The Silence Heard Around the World
Women’s Underrepresentation in Online Comments a Problem for Democracy
By: Amanda Scott, Nov 20, 2018
There are an estimated 7.7 billion people in this world. Over 3 billion of those people utilize the Internet – a whole other world – to stay connected, exchange ideas, and laugh at funny cat videos.
So most of the world is plugged in, which is a tremendous feat considering where we were only 50 years ago (The Internet didn’t even exist if you were wondering where our technology was 50 years ago.). But when we go online, we’re still perpetuating the same power imbalances that existed 50 years ago: middle-aged white males dominate the landscape; theirs are the perspectives we read online in forums, on news sites, and in articles.
According to a study conducted by researcher Fiona Martin about New York Times comments and 15 of the highest traffic news sites worldwide concluded that women make up, at most, 35 percent and as low as 3 percent of commenters across high-engagement news sites from the United States, the United Kingdom, Australia and Denmark.
In 2014, researcher Emma Pierson studied comments on New York Times articles from June 2013 to January 2014. Pierson found only 27.7 percent of commenters of identifiable gender were female. Of the 144 forums with more than 100 comments Pierson examined, females were the majority of commenters in only five forums.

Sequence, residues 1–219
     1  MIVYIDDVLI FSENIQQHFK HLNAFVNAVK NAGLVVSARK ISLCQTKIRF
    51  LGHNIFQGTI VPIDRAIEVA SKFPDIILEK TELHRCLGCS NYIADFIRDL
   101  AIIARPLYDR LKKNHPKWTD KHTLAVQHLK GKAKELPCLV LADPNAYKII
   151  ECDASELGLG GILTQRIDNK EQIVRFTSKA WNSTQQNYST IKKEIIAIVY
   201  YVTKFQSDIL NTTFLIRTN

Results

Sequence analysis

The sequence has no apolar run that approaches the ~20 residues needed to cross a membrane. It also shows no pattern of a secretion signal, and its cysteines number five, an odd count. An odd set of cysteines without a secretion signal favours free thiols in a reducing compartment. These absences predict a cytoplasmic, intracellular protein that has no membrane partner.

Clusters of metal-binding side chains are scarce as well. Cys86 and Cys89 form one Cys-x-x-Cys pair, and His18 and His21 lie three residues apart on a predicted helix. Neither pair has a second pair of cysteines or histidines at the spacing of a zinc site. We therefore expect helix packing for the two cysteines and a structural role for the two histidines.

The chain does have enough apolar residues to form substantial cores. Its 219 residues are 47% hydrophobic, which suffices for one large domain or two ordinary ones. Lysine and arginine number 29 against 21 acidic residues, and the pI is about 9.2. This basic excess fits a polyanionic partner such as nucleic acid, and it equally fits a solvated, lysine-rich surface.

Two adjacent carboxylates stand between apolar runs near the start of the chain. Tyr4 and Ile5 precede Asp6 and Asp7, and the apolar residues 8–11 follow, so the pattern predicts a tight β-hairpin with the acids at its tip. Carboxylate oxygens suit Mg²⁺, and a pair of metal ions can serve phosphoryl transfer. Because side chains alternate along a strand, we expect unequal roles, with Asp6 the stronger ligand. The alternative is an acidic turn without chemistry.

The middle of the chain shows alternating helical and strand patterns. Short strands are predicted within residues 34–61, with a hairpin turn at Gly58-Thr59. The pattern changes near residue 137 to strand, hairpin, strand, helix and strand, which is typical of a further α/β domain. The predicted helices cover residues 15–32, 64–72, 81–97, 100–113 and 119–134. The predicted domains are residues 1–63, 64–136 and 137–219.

Again, women make up at most 35 percent of commenters on news sites. Less than half.
What men and women have to say is inherently different – are you familiar with the saying “Men are from Mars, women are from Venus?” Men and women look at issues differently; they are affected by issues and decisions differently.
Naturally, and maybe a little stereotypically, men and women consume different subjects and topics online. For instance, Pierson noticed women dominated topics relating to parenting, fashion and health while men dominated topics relating to sports and science.
However, Pierson made a striking discovery: when commenting on the same article, there was a pattern of differing perspectives. Each gender found topics worth emphasizing within the same piece. Pierson’s study revealed that women were more likely to use phrases related to family, education and healthcare. Women also were more likely to use female-specific words and phrases relating to issues which disproportionately affect women, such as birth control and domestic violence.
So, why are women so silent when they share issues that are vital to democratic discourse?
The fear of harassment and abuse that runs rampant online? Incivility? Privacy concerns? Peer pressure? Do women find it unappealing? Do they think it’s unimportant? Who knows exactly? It’s probably a mixture of these and varies from one woman to another.
A universal truth though, valuable views are going unvoiced and will continue to do so until there is a way to address this alarming silence.